Wednesday, January 14, 2009

Homebound: leaving Pegasus Airfield, McMurdo Sound, Antarctica

First thing this morning Cornelia gave me two thumbs up. It was all go; I would be getting home today. It was going to be a loaded plane, full of US personnel, a medevac patient, Naomi and me. Naomi is a kiwi that has been in Antarctica for around two months on a media scholarship administered by Antarctica New Zealand (read more here and

There were varying reports as to when ‘Ivan’ the Terra Bus was coming to pick us up. I hurried… and I waited… and then somehow ended up being late. Unfortunately, there was no time for good byes!

I bumbled onto the Terra Bus into an intimidating sea of Americans dressed in red. Smokey, the bus driver greeted me as an old friend. He was classic. He took so much pride in his job and even remembered me and the date I’d arrived at the ice. During our traverse of the ice shelf, Smokey was graciously taking advice on how to drive ‘Ivan’ from a girl about a third his age. I’m not sure what her role was… maybe four eyes were deemed better than two due to the flat light. It was quite hilarious though.

Naomi and I were not looking forward to the flight much. Firstly, because it meant we were going home and secondly because we expected it to be long, loud and cramped. As it turned out, the flight was fine. We possibly had better seating than I’d had last time and having the medevac patient on board was a reality check. We also had the most amazing in-flight steward. He was a Nuiean-kiwi from the Royal New Zealand Airforce, who I swear must’ve been a steward for Air New Zealand in a past life. He kept everyone very happy passing out hot mince and cheese pies (complete with Wattie’s tomato sauce), biscuits and drinks. He was not required to do any of this, but took pride in doing so. It was fantastic and the Americans were in stitches!

I’ve heard that when you get back from the ice, you almost need to be re-integrated into society. It was even likened to getting out of jail by the kiwi pilot of our herc. I guess he must have flown some pretty strange characters from the ice in his time. I don’t think a nine day stint qualifies me. I hope. One Scott Base staff member (not mentioning names), who has spent many long periods in Antarctica, animatedly recounted his worst post-Antarctic experience to me yesterday. He felt supermarkets had to be the most frightening environment to launch oneself into straight away. He talked vividly about his experience trying to buy jam. There was too much selection, strangers trying to help… sounded normal to me… I wondered how long he had been on the ice this time…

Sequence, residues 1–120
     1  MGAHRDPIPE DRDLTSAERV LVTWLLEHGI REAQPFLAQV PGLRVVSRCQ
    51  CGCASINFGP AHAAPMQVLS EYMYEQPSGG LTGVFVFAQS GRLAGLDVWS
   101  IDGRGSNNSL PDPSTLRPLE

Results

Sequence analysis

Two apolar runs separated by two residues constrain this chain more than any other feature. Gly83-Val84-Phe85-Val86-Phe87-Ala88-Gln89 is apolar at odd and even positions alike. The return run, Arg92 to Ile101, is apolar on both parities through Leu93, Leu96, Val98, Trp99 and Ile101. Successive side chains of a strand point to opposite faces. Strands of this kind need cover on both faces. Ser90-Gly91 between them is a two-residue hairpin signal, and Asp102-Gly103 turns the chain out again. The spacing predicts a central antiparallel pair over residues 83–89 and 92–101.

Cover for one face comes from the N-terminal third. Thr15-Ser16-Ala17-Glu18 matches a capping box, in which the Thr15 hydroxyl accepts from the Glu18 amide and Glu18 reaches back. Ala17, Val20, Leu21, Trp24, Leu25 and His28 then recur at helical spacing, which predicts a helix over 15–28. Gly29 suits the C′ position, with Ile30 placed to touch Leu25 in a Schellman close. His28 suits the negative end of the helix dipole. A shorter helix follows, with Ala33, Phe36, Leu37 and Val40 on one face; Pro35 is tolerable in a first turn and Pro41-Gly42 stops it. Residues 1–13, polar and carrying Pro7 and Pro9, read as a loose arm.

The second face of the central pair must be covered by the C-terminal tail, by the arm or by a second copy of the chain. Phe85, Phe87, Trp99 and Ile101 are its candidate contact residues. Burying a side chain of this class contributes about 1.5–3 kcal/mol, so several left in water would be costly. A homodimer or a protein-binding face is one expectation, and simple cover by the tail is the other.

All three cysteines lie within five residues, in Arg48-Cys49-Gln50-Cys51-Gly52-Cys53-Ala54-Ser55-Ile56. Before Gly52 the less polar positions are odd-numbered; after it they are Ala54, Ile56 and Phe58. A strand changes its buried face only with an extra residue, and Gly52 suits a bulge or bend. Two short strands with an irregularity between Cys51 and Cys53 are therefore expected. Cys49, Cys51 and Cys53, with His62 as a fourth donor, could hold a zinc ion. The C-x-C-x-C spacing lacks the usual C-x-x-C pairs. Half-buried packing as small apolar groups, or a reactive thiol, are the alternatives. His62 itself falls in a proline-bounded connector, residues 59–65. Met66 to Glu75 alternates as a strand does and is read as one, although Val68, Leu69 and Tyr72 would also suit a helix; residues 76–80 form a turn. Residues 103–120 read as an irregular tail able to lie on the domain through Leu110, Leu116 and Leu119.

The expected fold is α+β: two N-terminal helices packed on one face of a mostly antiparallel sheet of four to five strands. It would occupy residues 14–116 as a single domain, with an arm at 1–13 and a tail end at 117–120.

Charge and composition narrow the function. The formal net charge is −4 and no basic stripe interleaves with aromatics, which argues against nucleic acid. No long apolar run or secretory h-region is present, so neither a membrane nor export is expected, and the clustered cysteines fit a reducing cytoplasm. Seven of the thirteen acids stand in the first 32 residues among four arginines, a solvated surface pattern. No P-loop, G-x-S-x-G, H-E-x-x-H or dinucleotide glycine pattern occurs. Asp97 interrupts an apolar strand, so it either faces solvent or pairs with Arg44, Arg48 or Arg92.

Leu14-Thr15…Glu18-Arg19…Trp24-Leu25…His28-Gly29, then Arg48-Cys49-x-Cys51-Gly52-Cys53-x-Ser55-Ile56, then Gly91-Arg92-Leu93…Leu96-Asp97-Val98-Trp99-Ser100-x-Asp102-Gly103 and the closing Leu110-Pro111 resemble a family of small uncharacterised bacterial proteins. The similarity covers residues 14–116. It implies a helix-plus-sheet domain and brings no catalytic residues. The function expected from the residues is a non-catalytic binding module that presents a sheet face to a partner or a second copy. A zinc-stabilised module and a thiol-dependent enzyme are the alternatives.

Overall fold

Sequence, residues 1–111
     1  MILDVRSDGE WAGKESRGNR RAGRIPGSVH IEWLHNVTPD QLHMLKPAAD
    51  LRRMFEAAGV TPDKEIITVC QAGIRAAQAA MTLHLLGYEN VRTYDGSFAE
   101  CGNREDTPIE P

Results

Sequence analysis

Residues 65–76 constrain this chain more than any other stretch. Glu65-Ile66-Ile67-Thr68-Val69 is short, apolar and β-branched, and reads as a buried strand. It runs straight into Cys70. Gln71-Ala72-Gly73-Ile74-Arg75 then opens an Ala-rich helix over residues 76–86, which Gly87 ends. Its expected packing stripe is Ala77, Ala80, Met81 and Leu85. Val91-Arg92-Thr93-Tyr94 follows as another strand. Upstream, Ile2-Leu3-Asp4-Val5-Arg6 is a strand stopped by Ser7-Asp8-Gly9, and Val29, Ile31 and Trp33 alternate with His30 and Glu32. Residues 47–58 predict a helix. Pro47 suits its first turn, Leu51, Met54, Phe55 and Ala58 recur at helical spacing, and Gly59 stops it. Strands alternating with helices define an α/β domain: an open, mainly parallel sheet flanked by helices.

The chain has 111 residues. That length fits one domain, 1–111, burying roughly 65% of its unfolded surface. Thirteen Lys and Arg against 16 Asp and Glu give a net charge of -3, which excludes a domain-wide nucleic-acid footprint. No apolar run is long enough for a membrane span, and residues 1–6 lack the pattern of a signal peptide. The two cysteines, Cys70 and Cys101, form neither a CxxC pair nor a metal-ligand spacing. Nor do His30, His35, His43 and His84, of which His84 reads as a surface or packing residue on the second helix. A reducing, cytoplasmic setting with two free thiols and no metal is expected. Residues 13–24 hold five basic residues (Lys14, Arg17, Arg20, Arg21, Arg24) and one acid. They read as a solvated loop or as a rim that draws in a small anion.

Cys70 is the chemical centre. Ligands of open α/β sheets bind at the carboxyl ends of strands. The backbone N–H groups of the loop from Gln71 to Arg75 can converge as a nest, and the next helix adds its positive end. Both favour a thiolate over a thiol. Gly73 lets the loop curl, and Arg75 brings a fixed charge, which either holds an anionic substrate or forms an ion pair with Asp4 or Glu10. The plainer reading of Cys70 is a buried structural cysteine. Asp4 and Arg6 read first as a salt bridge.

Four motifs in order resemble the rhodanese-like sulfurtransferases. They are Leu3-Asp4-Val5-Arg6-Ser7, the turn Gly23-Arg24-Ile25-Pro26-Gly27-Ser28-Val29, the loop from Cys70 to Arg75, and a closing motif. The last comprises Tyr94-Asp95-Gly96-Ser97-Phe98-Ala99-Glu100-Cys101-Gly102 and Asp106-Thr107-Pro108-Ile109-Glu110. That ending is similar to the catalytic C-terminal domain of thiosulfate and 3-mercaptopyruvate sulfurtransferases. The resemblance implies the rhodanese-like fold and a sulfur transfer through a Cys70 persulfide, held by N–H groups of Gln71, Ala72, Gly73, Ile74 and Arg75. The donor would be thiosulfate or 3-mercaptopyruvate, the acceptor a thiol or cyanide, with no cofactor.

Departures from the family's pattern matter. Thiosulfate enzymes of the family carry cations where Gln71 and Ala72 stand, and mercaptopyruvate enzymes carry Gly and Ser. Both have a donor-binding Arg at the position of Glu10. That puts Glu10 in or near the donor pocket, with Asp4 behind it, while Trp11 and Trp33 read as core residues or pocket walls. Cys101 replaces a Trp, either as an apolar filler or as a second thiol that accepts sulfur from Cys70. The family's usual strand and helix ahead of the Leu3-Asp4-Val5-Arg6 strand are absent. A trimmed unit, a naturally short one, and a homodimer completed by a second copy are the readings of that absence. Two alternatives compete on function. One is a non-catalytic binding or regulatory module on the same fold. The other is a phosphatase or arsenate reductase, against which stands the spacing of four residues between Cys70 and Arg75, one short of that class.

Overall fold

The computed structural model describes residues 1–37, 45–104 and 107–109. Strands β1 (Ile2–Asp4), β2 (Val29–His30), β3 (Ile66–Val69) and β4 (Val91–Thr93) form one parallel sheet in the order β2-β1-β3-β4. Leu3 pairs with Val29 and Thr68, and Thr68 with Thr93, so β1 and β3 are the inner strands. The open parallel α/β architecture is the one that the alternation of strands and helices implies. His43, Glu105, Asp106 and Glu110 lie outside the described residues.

The other more widely mentioned oddity on return is humidity. When you are in Antarctica, you don’t realize how dry it is until you leave. Some of you may know that intense feeling of transition between a dry and humid atmosphere from stepping out of plane in tropical country, or even out of a heavily air-conditioned shop in parts of Australia. I’d mentioned to a few people that I was straight back to work in Northland once I got back, which was met by ‘oooh… Northland… sticky’ and a wince. Lucky me!

I remember I was most affected by darkness last time I got back to New Zealand from Antarctica. It was like there was a ‘shut down’ switch that automatically kicked in as soon as darkness fell. Unfortunately for me, and those I was with, this happened at an extended family get-together. I was not much good for conversation.

When I hopped on the herc today, I wasn’t sure what was happening at the other end, but trusted that Woody would have it under control. Once landed, we hopped off the plane, went through international arrivals, collected our bags and in the arrival lounge Woody was waiting. First thing he asked me, ‘You right to catch a flight in twenty minutes up to Auckland?’. It was the fastest undress/redress, unpack/pack I have ever done. It’s fair to say I was feeling the heat and humidity too! But I got there.

Darkness fell while I was flying between Christchurch and Auckland. Luckily there was no one trying to make conversation with me. It might have been the tired and glum look on my face that stopped them. There is still so much of Antarctica to discover! I was very sad to leave, but I also realize how privileged I have been to even get there.

'Ivan' the Terra Bus and the sea of red (Americans in their Extreme Cold Weather clothing)

Our ride home, a Royal New Zealand Airforce Hercules

My last view of Mount Discovery for a while!

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